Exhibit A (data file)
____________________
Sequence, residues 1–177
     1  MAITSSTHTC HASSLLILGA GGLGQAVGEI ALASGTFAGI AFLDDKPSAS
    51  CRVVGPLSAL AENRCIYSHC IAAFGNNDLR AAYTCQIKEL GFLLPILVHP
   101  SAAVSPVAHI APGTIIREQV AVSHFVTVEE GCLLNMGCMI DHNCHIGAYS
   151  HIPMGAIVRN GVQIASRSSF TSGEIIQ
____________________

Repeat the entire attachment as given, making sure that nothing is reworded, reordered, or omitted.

Sequence, residues 1–177
     1  MAITSSTHTC HASSLLILGA GGLGQAVGEI ALASGTFAGI AFLDDKPSAS
    51  CRVVGPLSAL AENRCIYSHC IAAFGNNDLR AAYTCQIKEL GFLLPILVHP
   101  SAAVSPVAHI APGTIIREQV AVSHFVTVEE GCLLNMGCMI DHNCHIGAYS
   151  HIPMGAIVRN GVQIASRSSF TSGEIIQ